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Handbook of Human Factors in Medical Device Design




CRC Press, Boca Raton, U.S.A.



Matthew B. Weinger, Michael E. Wiklund and Daryle J. Gardner-Bonneau



Handbook of Human Factors in Medical Device Design

Year of Publication











Krishna B. Misra



Review published in IJPE, Vol. 7, No. 6, November 2011, p. 524.



The book consists of the following 19 chapters followed by Michael E. Wiklunds’ Introduction to the Handbook:


Chapter 1

General Principles

22 Pages

Chapter 2

Basic Human Abilities

40 Pages

Chapter 3

Environment of Use

34 Pages

Chapter 4

Anthropometry and Biomechanics

55 Pages

Chapter 5


47 Pages

Chapter 6

Testing and Evaluation

49 Pages

Chapter 7


45 Pages

Chapter 8

Visual Displays

53 Pages

Chapter 9

Connections and Connectors

45 Pages

Chapter 10

Alarm Design

27 Pages

Chapter 11

Software User Interfaces

46 Pages

Chapter 12


71 Pages

Chapter 13

Signs, Symbols and Markings

51 Pages

Chapter 14


28 Pages

Chapter 15

Device Life Cycle

22 Pages

Chapter 16

Hand Tool Design

70 Pages

Chapter 17

Mobile Medical Devices

31 Pages

Chapter 18

Home Health Care

24 Pages

Chapter 19

Cross-National and Cross-Cultural Design of Medical Devices

24 Pages


02 Pages


08 Pages


17 Pages



At least 98000 People die in hospitals each year in U.S.A. alone due to medical errors that could have been prevented. Medical errors include improper transfusions, surgical injuries and wrong-site surgery, restraint-related injuries or death, falls, burns, pressure ulcers, and mistaken patient identities. High error rates with 978-0-8058-5627-9serious consequences occur in intensive care units, operating rooms, and emergency departments. These errors are estimated to result in total costs (including the expense of additional care necessitated by the errors, lost income and household productivity, and disability) of between $17-29 billion per year in hospitals nationwide besides loss of trust in the health care system by patients and diminished satisfaction by both patients and health professionals.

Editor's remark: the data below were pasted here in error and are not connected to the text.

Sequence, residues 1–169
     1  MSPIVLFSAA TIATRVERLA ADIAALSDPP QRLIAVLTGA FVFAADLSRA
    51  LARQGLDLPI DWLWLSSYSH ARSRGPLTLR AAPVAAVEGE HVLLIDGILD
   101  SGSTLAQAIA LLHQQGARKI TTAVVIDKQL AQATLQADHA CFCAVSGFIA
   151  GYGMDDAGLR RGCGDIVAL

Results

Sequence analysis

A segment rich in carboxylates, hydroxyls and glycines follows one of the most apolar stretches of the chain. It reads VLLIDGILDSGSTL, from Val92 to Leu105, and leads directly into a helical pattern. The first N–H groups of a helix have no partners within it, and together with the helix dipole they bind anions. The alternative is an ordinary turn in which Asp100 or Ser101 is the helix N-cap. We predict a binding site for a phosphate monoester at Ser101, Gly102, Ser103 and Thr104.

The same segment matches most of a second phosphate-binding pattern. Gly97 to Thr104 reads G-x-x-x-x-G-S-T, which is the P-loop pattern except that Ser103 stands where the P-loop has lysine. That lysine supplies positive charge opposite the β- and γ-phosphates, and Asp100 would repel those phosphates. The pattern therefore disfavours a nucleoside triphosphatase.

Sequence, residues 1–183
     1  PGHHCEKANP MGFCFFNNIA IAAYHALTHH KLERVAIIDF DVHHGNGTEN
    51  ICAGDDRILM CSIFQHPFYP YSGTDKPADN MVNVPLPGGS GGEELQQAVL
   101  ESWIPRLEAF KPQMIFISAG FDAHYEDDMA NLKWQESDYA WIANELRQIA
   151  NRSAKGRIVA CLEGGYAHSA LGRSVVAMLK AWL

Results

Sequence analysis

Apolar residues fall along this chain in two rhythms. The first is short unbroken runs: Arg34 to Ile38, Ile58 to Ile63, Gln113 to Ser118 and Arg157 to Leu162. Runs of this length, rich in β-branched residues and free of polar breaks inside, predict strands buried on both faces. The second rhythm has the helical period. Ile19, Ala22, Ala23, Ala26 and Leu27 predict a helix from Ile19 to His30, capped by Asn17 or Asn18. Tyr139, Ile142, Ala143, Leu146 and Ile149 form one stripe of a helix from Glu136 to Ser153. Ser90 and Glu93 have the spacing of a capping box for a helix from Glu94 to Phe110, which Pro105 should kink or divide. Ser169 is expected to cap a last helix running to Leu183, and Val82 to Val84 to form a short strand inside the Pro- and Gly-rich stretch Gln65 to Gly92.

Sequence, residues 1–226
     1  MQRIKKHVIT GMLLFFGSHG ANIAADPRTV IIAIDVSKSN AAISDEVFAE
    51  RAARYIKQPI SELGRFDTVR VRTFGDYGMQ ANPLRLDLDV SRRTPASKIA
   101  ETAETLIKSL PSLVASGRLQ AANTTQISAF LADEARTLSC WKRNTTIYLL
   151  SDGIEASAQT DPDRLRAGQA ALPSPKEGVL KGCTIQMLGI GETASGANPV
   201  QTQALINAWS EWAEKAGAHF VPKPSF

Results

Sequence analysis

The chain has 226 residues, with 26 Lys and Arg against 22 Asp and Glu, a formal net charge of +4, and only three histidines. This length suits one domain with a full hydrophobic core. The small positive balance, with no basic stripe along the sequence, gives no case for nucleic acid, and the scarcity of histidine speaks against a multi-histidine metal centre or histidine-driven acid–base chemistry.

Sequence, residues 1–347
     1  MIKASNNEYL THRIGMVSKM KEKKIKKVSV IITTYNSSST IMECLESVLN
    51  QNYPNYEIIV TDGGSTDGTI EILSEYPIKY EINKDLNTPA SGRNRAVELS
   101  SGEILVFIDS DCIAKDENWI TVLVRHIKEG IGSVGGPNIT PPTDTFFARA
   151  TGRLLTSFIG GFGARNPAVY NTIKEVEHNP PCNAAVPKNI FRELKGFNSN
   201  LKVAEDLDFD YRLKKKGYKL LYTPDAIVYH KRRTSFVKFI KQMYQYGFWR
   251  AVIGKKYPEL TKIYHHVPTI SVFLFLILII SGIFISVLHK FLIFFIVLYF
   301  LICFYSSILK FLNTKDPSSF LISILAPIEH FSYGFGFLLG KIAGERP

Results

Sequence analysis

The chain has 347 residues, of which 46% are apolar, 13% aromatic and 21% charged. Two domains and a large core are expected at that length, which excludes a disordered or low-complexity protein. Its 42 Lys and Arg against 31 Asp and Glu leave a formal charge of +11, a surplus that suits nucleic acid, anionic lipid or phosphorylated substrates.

Therefore, the claim of the editors of this Handbook is justified in promoting the design of safe, effective, and usable medical devices. Undoubtedly, this Handbook is a single source of authoritative information to support design and evaluation of medical device user interfaces and can be used by all engineers, designers, manufacturers, and specialists involved in the area with particular emphasis on human factor based designs and engineering which may eventually result in an effective and user friendly interface designs that also conform to Association for the Advancement of Medical Instrumentation (AAMI) standards. The design guidelines can be used to develop products requirements by the developers. All chapters have been designed to stand alone with a large number of figures, pictures and tables. Each chapter is appended by resources and references. The reviewer has no hesitation in saying that this 821-pages Handbook constitutes the most exhaustive and complete coverage of the subject material and would make a useful resource book for all involved with the medical interfaces and instrumentation.


In general, the book would be very useful resource for medical practitioners, researchers, engineers particularly for those dealing with design of medical equipment particularly with human factors engineering considerations. The students and teachers pursuing human factors, particularly, in improving the quality, reliability and safety of medical devices will find this book of great interest.


Krishna B. Misra


Review published in the International Journal of Performability Engineering, Vol. 7, No. 6, November 2011, p. 524.

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